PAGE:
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Why You Should Keep a Music Production Journal

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You’re going to listen to so much music in your life and career. In that time, there are going to be many things that inspire you. It’s nearly impossible to remember all the moments you thought were interesting.

To deal with this I like to keep what I call a “Production Journal.” The idea is to have a small book you keep with you at all times to document inspiration. No matter where you are if you hear something you like you can write it down.

A Moleskine journal is perfect for this task. You can find them easily online or at your local bookstore. I recommend something small that you can have on you at all times.

Songs in the Key of Life

We’re surrounded by music. At any moment you can be inspired. For example: in line at the bank, waiting for a tall latte at Starbucks or listening to your iPod on the subway. The instances are countless. Take full advantage of the “soundtrack to your life.” It’s overflowing with usable ideas.

The Devil is in the Details

You can get as specific or vague as you like. Some of the details I like to include are song title and artist. These are the two things I’m most likely to search for. Within that, I like to include more info if possible. For instance: if the song is playing on my iTunes I might mark down the record it’s from and even at what minute/second the part happens. This makes it easier to locate later.

If you don’t know the song name or artist, try to catch a couple of lyrics and write them down. This will allow you to search Google later.

I might also add a descriptive term of what I’m digging in the track. An example could be: Heavy low end bass drum

This way, as I’m looking through the journal there are adjectives that can trigger a memory of the part.


You can draw diagrams of the stereo field if it’s the panning that’s inspiring. What about other info for the song? Is it a reverb sound I really like on the drums? Is it the way an organ and bass guitar blend together? Is it the compression on the vocal?

If you know how to write music you can take it one step further. You can transcribe phrases.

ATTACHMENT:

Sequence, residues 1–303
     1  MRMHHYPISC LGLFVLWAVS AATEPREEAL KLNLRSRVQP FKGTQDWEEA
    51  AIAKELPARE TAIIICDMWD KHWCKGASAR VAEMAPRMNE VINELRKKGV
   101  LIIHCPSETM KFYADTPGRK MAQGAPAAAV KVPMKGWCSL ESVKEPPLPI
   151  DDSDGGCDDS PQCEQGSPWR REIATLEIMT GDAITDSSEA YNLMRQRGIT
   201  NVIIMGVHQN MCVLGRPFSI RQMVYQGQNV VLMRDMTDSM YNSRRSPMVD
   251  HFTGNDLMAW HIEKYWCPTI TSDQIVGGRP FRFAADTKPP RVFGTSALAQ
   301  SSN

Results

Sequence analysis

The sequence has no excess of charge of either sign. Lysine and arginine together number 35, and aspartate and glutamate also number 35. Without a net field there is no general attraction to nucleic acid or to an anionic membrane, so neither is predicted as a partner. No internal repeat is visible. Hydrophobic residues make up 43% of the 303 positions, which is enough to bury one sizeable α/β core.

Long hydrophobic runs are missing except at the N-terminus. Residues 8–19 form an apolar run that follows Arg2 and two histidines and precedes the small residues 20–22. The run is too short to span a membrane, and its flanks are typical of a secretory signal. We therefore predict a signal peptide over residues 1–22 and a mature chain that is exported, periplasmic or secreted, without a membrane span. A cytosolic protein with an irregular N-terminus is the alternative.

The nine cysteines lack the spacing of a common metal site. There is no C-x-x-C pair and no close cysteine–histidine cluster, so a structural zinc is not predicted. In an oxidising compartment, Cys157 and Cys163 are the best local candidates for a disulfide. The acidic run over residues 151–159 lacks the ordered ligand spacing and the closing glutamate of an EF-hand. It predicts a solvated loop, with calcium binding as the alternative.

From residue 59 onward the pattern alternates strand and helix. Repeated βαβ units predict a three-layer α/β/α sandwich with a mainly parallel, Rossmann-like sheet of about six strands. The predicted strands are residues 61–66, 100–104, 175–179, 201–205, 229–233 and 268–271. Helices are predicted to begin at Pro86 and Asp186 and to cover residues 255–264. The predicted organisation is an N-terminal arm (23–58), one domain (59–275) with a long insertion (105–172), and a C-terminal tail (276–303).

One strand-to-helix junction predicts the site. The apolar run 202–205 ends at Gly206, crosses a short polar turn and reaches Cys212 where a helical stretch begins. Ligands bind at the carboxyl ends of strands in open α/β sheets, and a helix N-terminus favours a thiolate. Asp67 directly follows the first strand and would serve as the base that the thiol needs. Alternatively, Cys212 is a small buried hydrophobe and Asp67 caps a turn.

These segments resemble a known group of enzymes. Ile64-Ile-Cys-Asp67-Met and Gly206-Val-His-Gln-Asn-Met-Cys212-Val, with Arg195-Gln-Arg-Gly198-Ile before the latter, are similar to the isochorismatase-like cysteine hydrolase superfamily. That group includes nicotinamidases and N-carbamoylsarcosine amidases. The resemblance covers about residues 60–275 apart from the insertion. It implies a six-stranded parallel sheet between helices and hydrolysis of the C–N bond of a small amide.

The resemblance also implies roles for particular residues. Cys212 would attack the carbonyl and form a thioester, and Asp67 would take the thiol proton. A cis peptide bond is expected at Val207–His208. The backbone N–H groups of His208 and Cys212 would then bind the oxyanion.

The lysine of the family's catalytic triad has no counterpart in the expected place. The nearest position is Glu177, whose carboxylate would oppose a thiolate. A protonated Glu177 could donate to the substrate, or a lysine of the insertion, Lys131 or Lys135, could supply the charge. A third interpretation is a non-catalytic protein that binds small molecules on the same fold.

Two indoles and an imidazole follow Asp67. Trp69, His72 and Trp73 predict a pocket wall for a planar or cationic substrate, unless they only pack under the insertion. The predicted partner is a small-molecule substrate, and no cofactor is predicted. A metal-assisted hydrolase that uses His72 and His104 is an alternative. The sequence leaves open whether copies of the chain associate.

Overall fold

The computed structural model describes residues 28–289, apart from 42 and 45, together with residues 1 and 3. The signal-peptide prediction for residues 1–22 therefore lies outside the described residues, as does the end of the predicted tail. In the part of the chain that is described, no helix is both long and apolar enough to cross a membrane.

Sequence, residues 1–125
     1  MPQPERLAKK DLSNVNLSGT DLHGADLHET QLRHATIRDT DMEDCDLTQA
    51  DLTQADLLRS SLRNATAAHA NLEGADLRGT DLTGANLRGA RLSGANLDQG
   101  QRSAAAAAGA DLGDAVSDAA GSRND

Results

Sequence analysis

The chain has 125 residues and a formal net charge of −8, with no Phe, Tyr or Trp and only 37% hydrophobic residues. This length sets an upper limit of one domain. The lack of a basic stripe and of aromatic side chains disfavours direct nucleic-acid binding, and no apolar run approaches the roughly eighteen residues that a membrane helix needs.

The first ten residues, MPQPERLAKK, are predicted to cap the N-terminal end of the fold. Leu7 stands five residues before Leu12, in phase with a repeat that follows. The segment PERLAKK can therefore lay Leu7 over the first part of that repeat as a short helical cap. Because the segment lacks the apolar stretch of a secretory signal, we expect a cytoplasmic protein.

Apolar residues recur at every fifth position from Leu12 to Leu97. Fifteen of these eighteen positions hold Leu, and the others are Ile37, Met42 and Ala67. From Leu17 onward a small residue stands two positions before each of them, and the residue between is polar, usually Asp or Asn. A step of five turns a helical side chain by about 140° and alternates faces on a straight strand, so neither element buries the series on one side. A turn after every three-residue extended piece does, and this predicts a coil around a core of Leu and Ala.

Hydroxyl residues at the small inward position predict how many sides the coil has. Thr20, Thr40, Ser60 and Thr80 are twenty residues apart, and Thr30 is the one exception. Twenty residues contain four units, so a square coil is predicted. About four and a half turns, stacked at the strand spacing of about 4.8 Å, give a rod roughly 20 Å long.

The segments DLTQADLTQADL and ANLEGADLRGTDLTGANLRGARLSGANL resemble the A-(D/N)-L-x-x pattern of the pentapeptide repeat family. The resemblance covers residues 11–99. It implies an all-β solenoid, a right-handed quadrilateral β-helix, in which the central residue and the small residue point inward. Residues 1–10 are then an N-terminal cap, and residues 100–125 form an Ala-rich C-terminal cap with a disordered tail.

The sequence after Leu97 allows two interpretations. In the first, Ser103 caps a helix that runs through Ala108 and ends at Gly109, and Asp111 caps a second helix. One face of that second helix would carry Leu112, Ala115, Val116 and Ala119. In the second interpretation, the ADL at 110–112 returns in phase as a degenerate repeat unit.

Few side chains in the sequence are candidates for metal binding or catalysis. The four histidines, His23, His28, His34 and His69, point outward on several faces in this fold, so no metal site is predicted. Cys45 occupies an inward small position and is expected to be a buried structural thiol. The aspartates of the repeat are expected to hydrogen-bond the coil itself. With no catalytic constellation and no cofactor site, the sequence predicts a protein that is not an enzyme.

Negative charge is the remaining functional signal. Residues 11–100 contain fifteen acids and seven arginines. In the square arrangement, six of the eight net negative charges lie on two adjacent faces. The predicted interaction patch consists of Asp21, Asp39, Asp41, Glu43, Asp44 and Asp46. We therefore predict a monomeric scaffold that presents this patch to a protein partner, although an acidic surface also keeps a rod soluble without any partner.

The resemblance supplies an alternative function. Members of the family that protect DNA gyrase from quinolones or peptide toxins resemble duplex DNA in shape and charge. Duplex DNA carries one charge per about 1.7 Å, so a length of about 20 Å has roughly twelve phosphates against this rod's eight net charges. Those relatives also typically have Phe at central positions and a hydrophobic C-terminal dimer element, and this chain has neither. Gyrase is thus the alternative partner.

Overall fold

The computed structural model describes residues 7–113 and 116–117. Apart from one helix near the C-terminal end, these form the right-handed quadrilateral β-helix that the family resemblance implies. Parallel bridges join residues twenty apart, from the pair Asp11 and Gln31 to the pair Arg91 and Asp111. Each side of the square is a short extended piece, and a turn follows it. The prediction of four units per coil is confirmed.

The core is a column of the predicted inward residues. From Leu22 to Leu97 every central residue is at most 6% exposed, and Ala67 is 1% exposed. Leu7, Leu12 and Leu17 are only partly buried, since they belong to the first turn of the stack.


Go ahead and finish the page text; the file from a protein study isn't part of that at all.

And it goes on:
Because I read and write music it gives me more tools to utilize. If you’re really serious about production it wouldn’t hurt to learn a few things about reading and writing music. There are many ways this can help you which I’ll discuss in a future article.


Recently I was taken back by a bass line in a Bat For Lashes song called “Daniel”. It’s simple but compelling. It sets up such a cool bed for the other instruments. I wasn’t just entranced by the notes, but the rhythm. The rhythm stays the same throughout the song. Not for one moment does it break its hypnotic groove.

I made a note like this in my journal to remember for the future.




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I also liked that the drum groove took 8 bars until there was a little tom fill.

One of the other things to notice about this track is the restraint. It would have been easy to add more notes on the drums or bass. A lot of hyperactive players would have added ornaments after two bars. But, 8 bars does something really special. There is a lot of complex simplicity on this track (and all of her albums for that matter).

Relative Research

Often when I’m in pre-production or engineering a track, I like to visit my journal. I like to be reminded of all the things that make me tick. The key is not to copy others, but to use the inspiration as fuel.

If I’m working on a song that I know would sound good with a certain style of bass drum, I might look through my journal and check every entry with bass drum on it.

Case Study

Think of every song as a case study. You’re documenting your inspirations. It allows you to discover something about your tastes. Over time you may even see similarities between songs or styles of music you wouldn’t expect.

Flinstone Boy

This may seem obvious and very grade school, but use pencil people! No matter what delusion you may have about not making mistakes, they will happen. Pencils have this amazing feature that seems to have almost been forgotten … It’s called an eraser. You can actually make your mistakes disappear! (this doesn’t work for mistakes that get you in trouble with your girlfriend).

No Nuts No Glory

People may think you’re weird when they see you frantically searching for your Moleskine upon hearing a song over the intercom. Think of the upside though: People are likely to give you more space in checkout lines.

It can also help you out of a dry spell. If you’re pulling a blank, some research through your Production Journal can give you a torch to see your way through a dark tunnel.

Mark Marshall

Mark Marshall is a producer, songwriter, session musician and instructor based in NYC. More at